Mega = 1 million. Megabyte = 1 million bytes. One byte is a measure of information.
Memory cards are small memory modules that can be inserted into the camera to hold images. When the card is full, it can be removed and another card inserted. The memory on these cards is non-volatile, that is, they don’t lose their images when they are removed from the camera. The images can later be downloaded from the card and, when the images are erased from the card, it is ready to be reused. Examples of popular memory cards are Smartmedia and Compact Flash.
NiMH stands for Nickel Metal Hydride, a type of rechargeable battery that produces sufficient current for digital cameras. They are rechargeable like Nicad batteries, but they are safe to throw away in landfills. They also do not have the “memory” effect that Nicad batteries have shown to exhibit. They need chargers specifically made for NiMH batteries.
This is a zoom lens that achieves its magnification by moving parts of its lens forward or backward. This usually takes place inside the camera, out of view, but it can often be heard as the sound of a small motor and other mechanical parts.
Some lenses have the ability to change their magnification level through a range of focal lengths (wide angle through telephoto). This is called a zoom lens, as seen on most all camcorders. With digital cameras, the range varies by brand and model, but ranges in the area of 35 mm to 115 mm are fairly common. This range is often referred to as “3x” (three times) zoom (3 x 35 = 105, so the telephoto setting is about three times the wide angle setting). The best cameras achieve this by moving various elements in the lens. This is referred to as optical zoom. Cameras using optical zoom are generally larger than those without because of the more complicated and thus larger lens elements.
Once a photograph is in digital form, you can store it on your system and then edit or manipulate it with a photo-editing program. Digital image manipulation offers almost limitless possibilities, which can be overwhelming for most people who are not professional art designers. Anyone, however, can learn and apply some basic photo-editing techniques, which can improve the quality of your digital images. In most cases digital photographs benefit from adjustment of color, brightness and contrast. In some cases, you improve an image by eliminating or reducing flaws. In other cases, you adjust an image for other purposes, perhaps to make it smaller for e-mailing or posting on a Web site. You may want to convert the original image to another format. Finally, you might take an image to a new place, making it something it never was. Here are some basic ways of image manipulation:
- Reduce the size of the photograph to make it smaller for posting on the Web or e-mailing.
- Crop the photograph to emphasize the key part.
- Adjust brightness and contrast to improve the image.
- Correct the color balance.
- Adjust color saturation.
- Use filters to sharpen the photograph.
- Convert color images to black and white.
- Retouch dirt specks and scratches.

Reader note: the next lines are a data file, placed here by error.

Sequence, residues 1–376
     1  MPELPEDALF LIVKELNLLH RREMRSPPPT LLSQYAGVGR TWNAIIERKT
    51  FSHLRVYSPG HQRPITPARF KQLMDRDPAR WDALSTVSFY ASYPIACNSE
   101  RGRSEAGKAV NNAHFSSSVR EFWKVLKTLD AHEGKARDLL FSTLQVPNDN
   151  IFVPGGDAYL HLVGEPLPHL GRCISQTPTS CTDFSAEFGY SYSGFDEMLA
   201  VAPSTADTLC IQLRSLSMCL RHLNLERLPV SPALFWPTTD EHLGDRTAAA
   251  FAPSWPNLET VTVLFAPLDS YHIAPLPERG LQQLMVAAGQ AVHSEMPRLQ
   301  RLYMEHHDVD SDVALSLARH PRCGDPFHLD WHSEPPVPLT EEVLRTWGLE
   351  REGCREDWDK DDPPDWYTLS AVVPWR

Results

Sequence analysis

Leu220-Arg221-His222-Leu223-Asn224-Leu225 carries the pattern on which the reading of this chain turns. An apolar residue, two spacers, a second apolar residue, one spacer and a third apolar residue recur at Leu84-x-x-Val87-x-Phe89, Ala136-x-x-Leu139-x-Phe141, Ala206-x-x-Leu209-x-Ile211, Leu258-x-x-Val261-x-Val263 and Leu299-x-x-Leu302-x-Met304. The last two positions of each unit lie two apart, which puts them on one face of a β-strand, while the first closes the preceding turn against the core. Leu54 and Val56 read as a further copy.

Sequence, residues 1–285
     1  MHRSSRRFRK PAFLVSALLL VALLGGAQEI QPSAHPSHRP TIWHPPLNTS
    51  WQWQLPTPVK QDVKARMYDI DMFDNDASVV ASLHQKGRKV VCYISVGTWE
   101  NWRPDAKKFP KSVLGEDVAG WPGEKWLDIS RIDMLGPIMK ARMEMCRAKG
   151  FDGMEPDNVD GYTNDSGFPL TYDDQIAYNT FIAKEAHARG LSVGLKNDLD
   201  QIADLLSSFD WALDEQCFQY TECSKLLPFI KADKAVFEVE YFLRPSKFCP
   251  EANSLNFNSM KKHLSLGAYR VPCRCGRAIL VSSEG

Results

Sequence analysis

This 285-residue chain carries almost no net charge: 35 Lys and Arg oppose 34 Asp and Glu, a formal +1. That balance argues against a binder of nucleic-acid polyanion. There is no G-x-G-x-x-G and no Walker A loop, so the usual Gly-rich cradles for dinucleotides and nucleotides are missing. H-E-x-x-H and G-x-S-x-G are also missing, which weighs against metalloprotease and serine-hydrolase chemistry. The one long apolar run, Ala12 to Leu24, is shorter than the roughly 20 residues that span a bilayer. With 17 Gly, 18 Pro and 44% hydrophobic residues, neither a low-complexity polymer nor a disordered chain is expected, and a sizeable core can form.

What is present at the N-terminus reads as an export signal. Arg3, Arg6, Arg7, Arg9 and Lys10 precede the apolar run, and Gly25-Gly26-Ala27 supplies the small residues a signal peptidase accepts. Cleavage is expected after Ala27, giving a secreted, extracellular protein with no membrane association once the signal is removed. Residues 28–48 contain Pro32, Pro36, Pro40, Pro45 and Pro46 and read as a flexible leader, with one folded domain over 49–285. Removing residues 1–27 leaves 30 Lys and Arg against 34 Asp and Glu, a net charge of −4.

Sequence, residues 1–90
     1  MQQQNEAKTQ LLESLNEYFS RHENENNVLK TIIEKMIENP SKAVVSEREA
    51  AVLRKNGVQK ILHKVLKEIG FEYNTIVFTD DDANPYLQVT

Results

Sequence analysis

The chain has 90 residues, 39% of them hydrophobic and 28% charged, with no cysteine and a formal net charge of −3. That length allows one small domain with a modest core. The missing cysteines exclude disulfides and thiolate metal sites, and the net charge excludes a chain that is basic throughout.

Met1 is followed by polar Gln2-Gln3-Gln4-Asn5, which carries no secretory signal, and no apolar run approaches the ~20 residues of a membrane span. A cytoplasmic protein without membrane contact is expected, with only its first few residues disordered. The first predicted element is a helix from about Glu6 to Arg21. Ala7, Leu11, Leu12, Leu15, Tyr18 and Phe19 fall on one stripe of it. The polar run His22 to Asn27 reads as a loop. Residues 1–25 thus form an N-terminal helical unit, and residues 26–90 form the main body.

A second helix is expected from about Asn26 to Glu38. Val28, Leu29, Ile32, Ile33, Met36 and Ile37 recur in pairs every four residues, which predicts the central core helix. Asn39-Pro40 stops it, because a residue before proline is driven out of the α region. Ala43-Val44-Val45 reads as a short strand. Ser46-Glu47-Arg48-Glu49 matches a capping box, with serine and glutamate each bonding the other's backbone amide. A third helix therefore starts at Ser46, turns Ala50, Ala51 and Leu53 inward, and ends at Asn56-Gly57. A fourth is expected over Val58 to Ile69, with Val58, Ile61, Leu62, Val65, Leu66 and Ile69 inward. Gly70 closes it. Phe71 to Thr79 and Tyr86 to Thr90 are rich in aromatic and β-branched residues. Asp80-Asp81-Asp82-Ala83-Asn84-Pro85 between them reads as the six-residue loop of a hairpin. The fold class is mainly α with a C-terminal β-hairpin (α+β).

- Remove/add backgrounds.
- Add text to photographs.
- Add layers to photographs.
- Convert the photograph to another format.
Adobe Photoshop® Limited Edition was chosen as the photo-editing software in this bulletin. You may have different software that you use. In that case, the tool menu will be different, although the basic techniques are similar.
You may have a full Adobe Photoshop version, perhaps higher or lower versions of the program. Your screen may appear somewhat different, and you may have more menu options, but the tools you will be working with should be identical. You will need a few digital images to work with. We have selected images with names that describe the content, such as “Lantana,” “Vinca,” etc. You may choose to use different names for your files.
Click on 'File,' then 'Open' from the drop-down menu. Select the name of the file you will be working on. For this example, it is 'Lantana.jpg.'
Resizing and Resampling Files
Adjusting Color Balance
Adjusting Brightness and Contrast
Adjusting Hue and Saturation
You may want to convert the image to black and white. Click 'Image,' 'Mode,' 'Grayscale.' The image should turn black and white.
Sometimes the image is not oriented to fit your application. You can rotate it. Click 'Image,' 'Rotate Canvas.' You will rotate the entire canvas, which is your image. You have options as to the degree of rotation. You also can specify the directions of rotation – CW stands for "clockwise" while CCW stands for "counter clockwise."
Changing the Background Color
Working With Filters
Correcting Scratches and Spots
Working With Layers
Working With Text
Text appears on your image in a second layer, Layer 2. Again, Photoshop created another layer, which contains only the text. Notice that the color of the text is pink, same as the background color. If you want another color, you have to go through the Color Picker.
Saving Layered Image
Flattening an Image
This has been a brief course in digital photography. We discussed the basic terms used with digital pictures, such as image size and resolution, image compression and file formats. We showed you step-by-step how to process digital images using popular software. The purpose was to enhance the original picture by adjusting brightness, contrast, color, sharpness, cropping and other image attributes. You must practice with the software to become comfortable with it and be able to process numerous images.
Mention of a commercial or proprietary product in this publication does not constitute a recommendation by the authors nor does it imply registration under FIFRA as amended.
Status and Revision History
Published on Oct 15, 2005
Published on Feb 27, 2009
Published with Full Review on Feb 13, 2012
Published with Full Review on Feb 17, 2015